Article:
Educate, don't indoctrinate
This is a country that has always preferred looking backwards rather than forwards: hankering after Empire, viewing our relationship with Europe through the lens of the Second World War, and imagining that we still live in a Victorian era of moral certainty and ideological purity.
Never mind that our collective memory is tainted by wishful thinking: Britain as an island, homogenous and unchanging, pluckily defending its heritage from the barbarian hordes who batter its shores.
So when a recent seminar, organised by the British Humanist Association and the influential Institute for Public Policy Research, came to the conclusion that one school subject, Religious Education (RE), should be adapted to reflect our increasingly secular and multicultural times, the guardians of the past rushed to their battle stations.
Few of those who objected to the inclusion of nontheistic worldviews in school are actually involved in the teaching of RE. This did not stop them resisting a proposal that largely formalises a de facto state of affairs. In the pundits' minds, the proposals were tantamount to handing over the education of our children to Beelzebub himself.
"But where are the stories?" cried one defender of the faith, as if only the Bible contained any poignant morality tales. In fact, the world is rich with stories which introduce children to notions of right and wrong, good and evil, passion and duty. Take, for example, Aesop's Fables, Roman poetry, Shakespeare, the Arabian Nights, Anansi Spiderman and the novels of Jacqueline Wilson.
What is more, there is nothing intrinsically wrong about drawing on the Old and New Testament, or the Koran, to start a debate on contemporary ethics. But presenting them as sacred texts rather than manmade stories is disingenuous. Democratic societies has long ago rejected their outdated moral commandments and merciless view of transgressors: these days we try to reconcile our differences rather than exacerbate them, and seek practical solutions rather than rigid certainty.
Why, then, should one subject, and arguably one of the most important if it is the only lesson that deals with ethics and morality, continue to be detached from reality? Those who complain about postmodern uncertainty in school education surely cannot want what children learn in RE to be incompatible with what they learn in Biology, English, and History, let alone the outside world. Not only is this a waste of time, it makes for very boring lessons.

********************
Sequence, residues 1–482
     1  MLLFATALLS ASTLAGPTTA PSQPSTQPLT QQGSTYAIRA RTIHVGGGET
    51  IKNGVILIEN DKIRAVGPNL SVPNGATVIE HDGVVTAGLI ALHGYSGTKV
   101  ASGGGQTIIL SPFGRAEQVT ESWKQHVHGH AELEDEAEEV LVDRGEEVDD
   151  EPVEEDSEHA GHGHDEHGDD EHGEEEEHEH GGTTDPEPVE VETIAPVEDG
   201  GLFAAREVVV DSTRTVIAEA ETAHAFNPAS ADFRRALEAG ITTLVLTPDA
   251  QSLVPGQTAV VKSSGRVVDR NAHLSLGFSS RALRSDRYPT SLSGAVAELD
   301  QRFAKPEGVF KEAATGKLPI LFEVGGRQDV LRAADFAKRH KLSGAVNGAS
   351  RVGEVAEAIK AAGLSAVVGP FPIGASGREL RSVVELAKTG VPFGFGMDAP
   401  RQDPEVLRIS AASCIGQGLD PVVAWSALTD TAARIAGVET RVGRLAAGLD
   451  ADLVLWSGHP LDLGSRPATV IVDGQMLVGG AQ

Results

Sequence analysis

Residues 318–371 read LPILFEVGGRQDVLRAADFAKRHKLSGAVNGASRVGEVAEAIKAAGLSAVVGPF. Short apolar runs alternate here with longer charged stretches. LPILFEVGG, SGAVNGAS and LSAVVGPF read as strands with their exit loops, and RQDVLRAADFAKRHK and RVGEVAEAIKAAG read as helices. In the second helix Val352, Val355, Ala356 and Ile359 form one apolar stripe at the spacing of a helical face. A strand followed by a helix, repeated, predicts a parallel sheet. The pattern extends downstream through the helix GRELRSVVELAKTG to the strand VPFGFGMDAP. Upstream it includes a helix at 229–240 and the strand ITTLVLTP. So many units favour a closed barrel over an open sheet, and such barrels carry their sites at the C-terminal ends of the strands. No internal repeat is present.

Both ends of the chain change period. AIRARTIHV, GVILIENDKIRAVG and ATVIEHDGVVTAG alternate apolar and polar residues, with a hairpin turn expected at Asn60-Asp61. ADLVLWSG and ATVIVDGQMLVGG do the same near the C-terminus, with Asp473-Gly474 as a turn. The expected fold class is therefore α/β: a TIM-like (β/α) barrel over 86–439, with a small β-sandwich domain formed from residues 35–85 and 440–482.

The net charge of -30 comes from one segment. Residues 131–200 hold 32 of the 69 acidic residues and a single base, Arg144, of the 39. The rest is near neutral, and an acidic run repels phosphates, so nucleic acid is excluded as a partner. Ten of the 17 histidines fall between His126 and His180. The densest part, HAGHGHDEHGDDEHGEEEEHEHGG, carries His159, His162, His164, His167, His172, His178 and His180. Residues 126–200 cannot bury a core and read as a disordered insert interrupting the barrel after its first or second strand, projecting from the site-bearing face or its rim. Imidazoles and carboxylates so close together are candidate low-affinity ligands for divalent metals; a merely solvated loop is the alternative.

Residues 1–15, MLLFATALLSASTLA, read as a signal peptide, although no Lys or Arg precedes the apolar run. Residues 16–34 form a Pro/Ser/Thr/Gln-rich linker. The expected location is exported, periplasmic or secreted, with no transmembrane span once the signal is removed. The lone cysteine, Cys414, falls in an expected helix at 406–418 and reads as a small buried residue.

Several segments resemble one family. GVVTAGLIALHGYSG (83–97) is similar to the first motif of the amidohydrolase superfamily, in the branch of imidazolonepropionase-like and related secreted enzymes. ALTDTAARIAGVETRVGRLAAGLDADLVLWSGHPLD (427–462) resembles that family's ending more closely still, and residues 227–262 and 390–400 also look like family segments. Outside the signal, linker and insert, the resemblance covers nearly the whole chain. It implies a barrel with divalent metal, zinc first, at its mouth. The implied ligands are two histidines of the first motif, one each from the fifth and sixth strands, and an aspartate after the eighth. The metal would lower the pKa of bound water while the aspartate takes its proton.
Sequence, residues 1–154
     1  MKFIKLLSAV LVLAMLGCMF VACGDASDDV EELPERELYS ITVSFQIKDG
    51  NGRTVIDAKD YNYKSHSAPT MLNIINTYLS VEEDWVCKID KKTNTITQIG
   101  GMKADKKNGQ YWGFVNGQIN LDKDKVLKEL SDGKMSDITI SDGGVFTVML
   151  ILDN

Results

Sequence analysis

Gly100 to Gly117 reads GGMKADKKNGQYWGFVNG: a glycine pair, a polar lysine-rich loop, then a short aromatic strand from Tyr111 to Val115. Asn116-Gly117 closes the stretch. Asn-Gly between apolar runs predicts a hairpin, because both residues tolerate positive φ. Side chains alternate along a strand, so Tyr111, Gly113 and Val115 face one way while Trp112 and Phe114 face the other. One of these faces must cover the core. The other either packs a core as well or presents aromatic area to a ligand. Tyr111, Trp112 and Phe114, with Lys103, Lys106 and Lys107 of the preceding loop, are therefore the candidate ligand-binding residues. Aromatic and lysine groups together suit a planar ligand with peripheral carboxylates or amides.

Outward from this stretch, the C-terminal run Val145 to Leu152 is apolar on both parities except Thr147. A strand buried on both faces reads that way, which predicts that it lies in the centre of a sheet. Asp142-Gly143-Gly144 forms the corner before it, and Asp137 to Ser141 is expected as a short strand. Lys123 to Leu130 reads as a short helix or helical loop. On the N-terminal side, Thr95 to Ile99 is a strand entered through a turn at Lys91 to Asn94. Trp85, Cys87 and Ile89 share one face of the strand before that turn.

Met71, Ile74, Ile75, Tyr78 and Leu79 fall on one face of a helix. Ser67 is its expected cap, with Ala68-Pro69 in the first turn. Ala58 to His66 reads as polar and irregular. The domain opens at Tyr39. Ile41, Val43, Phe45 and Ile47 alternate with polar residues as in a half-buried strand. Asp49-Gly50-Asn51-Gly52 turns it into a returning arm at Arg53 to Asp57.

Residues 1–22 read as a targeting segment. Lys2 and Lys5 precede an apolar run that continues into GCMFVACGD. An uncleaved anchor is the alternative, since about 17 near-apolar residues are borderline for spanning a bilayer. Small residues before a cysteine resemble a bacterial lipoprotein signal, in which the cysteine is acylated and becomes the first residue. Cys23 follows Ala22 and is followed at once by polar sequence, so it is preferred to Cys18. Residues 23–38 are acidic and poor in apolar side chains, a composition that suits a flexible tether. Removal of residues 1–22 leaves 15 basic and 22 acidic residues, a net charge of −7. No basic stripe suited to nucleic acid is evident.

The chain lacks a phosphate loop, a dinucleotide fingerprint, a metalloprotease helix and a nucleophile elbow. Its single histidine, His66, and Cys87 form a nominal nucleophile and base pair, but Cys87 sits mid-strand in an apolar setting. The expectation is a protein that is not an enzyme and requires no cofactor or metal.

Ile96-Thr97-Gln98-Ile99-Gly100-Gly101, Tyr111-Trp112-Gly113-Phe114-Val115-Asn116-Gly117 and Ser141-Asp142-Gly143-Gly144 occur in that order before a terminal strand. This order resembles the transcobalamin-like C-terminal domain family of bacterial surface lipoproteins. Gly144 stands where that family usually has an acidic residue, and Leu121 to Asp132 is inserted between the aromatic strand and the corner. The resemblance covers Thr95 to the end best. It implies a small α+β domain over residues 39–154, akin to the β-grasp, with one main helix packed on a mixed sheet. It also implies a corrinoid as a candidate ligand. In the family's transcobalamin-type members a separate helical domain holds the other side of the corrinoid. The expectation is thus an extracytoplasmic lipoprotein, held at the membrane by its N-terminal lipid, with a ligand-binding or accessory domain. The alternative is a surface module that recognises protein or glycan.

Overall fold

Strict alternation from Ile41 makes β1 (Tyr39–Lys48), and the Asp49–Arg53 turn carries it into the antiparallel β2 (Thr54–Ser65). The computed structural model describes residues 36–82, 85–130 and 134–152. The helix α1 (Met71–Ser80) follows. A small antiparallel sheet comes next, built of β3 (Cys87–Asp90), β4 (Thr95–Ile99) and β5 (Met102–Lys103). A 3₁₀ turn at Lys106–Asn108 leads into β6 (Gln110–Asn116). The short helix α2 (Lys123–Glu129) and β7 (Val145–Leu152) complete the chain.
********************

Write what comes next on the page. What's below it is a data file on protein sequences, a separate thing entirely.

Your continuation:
Until recently, Religious Education teachers struggled to keep their pupils awake during class. Then they began tackling contemporary ethical and philosophical questions such as racism, world poverty, and inequality.
Today, RE is once again a popular subject. Last year, for example, almost 27,000 pupils chose to take RE papers at AS level, and nearly 19,000 at A level, according to the Journal of the Professional Council for Religious Education (Summer 2003). Proponents of a purely religious moral education often cite these figures to argue that increasing numbers of pupils want to learn about religion. What the figures hide is that the vast majority of these chose the 'Philosophy and Ethics' options over the religious ones, presumably because they wanted to look beyond the narrow framework of the scriptures when debating ethical questions.
Replacing RE with Religious, Philosophical and Moral Education, as the participants at the IPPR seminar suggested, would give teachers a wider scope to tackle important issues which relate far better to their pupils' lives than ancient stories about nomadic tribes.
Fewer than one in ten of us attend religious services with any regularity, but that does not mean we do not have strong moral convictions that we wish to see passed on to our children. Lack of belief in the supernatural should not disenfranchise parents from the moral education of their offspring. Teaching humanism would be one important step towards ensuring that school education reflects their views.
Over the next few months the Qualifications and Curriculum Authority (QCA), and its counterparts in Wales, Scotland and Northern Ireland, will be working on the new national framework on religious education for England and Wales. Around May it will present its findings to Charles Clarke and start consulting interested parties. These, one would hope, will include anyone involved in education, be they teachers, parents or pupils. It is vital that those who wish to see a change in one of the most rigid school subjects make their voices heard, so that the majority is not drowned out by the dependably vocal opponents of progress.
Meanwhile, those who do wish to subject their children to religious instruction can still do so outside of the national curriculum. That is what Sunday Schools are for.